As new dial up services are proposed, either new signalling protocols, call control and billing methods must be introduced, or the existing ones re-used. The object of the present invention is to maximise the opportunity to re-use the existing PSTN signalling, call control and billing methods, thereby greatly reducing the development cycle as well as making it unnecessary to wait for new signalling protocols to be agreed by the standards organisations.

The underlying architecture of what is herein termed "harmonic switching" is suitable for controlling the many new proposed dial-up services, an example of which is Asynchronous Transfer Mode (ATM).

SUMMARY OF THE INVENTION

According to the present invention there is provided a telecommunications switching system having a first guiding transmission path and a second harmonic transmission path which is in parallel or harmony with the first guiding transmission path, comprising:

an originating guiding access point on an exchange where the originating subscriber's guiding terminal is connected, the terminal having both supervisory and signalling means;

an originating harmonic access point on an exchange where the originating subscriber's harmonic terminal is connected;

a terminating guiding access point on an exchange where the terminating subscriber's guiding terminal is connected, the terminal having both supervisory and signalling means; and

a terminating harmonic access point on an exchange where the terminating subscriber's harmonic terminal is connected; and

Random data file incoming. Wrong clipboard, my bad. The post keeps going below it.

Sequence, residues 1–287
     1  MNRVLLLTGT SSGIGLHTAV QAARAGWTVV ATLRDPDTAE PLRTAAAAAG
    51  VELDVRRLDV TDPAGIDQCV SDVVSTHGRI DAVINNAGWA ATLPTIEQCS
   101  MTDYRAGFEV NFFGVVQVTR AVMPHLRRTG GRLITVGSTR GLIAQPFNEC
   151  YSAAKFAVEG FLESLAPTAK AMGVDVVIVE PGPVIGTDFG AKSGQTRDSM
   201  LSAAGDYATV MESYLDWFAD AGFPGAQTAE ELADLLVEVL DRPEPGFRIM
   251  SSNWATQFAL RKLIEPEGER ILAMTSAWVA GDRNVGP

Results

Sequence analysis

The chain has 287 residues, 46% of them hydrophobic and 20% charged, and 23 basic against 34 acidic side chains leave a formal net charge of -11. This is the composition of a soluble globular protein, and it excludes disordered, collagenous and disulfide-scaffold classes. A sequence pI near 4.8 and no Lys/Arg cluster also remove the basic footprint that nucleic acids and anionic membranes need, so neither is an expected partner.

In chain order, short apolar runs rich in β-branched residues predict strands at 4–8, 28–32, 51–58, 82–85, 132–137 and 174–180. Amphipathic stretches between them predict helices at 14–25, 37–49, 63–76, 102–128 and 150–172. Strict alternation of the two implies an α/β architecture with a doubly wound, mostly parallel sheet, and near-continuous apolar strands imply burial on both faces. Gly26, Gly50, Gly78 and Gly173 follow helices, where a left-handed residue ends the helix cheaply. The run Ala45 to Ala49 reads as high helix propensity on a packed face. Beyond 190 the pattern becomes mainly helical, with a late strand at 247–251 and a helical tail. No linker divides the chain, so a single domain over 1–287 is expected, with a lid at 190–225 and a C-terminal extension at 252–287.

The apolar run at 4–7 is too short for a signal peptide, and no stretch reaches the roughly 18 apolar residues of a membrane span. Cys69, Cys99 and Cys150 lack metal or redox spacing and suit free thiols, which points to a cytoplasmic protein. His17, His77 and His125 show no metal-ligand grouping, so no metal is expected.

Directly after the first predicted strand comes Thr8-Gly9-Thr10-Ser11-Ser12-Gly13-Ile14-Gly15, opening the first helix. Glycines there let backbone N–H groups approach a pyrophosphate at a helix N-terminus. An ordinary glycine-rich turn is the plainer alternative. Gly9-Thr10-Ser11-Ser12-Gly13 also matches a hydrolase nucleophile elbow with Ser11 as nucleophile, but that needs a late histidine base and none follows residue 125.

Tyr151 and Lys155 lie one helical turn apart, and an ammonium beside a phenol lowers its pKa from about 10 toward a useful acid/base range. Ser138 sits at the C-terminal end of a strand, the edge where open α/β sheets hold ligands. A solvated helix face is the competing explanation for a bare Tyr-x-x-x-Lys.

switching means whereby to establish a harmonic call between the exchanges having harmonic access points; and

means of establishing a guiding call having the guiding access points and passing through the exchanges having the harmonic access points.

BRIEF DESCRIPTION OF THE DRAWINGS

The present invention will now be described by way of example by reference to the accompanying drawings, in which:

FIG. 1 shows a diagrammatic representation of a simple harmonic switching network arrangement.

FIG. 2 shows a diagrammatic representation of a multiple exchange PSTN with an interconnected multiple exchange harmonic network.

FIG. 3 shows a diagrammatic representation of a Private Automatic Branch exchange (PABX) connected to a multiple exchange PSTN with an interconnected multiple exchange harmonic network.

FIG. 4 shows a diagrammatic representation of a multiple exchange PSTN network with an interconnected multiple exchange harmonic network including a harmonic circuit concentrator which may be located remotely.

DESCRIPTION OF A PREFERRED EMBODIMENT

It is assumed herein that guiding services already exist and that different service rates, either fixed or variable service rates, are required.

The general method as shown in FIG. 1 consists of a parallel service switch, which works alongside a guiding switch, which in this example is an existing design of a 64 kbit/s narrowband switch. The existing signalling, call control and billing can be substantially the same provided they are mainly segregated from the switching in a separate signalling and control layer. In which case having two switching layers instead of one is a practical extension of a single switching layer architecture. Some existing telecommunication exchange architecture such as System X do maintain such segregation.

Adding a harmonic switch to every existing narrowband switch within a PSTN, as well as adding the extra inter-exchange transmission equipment, would be required if that PSTN was to be completely upgraded to harmonic switching.

It is also possible to extend this same principle to multiple parallel switching layers where the call routing was the same for all the layers and thus provide a method for establishing multimedia calls. The transmission path set up in the guiding network could be used as one of the media in a multimedia call.

FIG. 2 shows an overlay approach which is a commonly used method of adding new services. The overlay network corresponds to the general method of FIG. 1, but the guiding circuit is also carded, for some of its routing, by the existing PSTN.